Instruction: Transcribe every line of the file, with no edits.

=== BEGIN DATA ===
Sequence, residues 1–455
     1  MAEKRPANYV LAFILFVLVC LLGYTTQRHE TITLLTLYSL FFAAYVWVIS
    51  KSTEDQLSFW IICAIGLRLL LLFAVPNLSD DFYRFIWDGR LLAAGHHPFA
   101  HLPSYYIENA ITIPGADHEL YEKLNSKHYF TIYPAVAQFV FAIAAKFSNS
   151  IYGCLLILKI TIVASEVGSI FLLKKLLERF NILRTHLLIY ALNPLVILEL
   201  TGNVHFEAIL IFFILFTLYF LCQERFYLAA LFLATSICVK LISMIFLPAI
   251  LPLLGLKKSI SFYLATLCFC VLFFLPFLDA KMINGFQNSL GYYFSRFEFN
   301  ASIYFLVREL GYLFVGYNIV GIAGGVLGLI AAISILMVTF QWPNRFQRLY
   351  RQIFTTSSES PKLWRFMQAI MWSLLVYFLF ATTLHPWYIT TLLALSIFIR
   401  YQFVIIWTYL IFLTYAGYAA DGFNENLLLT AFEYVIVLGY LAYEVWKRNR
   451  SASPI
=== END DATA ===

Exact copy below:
Sequence, residues 1–455
     1  MAEKRPANYV LAFILFVLVC LLGYTTQRHE TITLLTLYSL FFAAYVWVIS
    51  KSTEDQLSFW IICAIGLRLL LLFAVPNLSD DFYRFIWDGR LLAAGHHPFA
   101  HLPSYYIENA ITIPGADHEL YEKLNSKHYF TIYPAVAQFV FAIAAKFSNS
   151  IYGCLLILKI TIVASEVGSI FLLKKLLERF NILRTHLLIY ALNPLVILEL
   201  TGNVHFEAIL IFFILFTLYF LCQERFYLAA LFLATSICVK LISMIFLPAI
   251  LPLLGLKKSI SFYLATLCFC VLFFLPFLDA KMINGFQNSL GYYFSRFEFN
   301  ASIYFLVREL GYLFVGYNIV GIAGGVLGLI AAISILMVTF QWPNRFQRLY
   351  RQIFTTSSES PKLWRFMQAI MWSLLVYFLF ATTLHPWYIT TLLALSIFIR
   401  YQFVIIWTYL IFLTYAGYAA DGFNENLLLT AFEYVIVLGY LAYEVWKRNR
   451  SASPI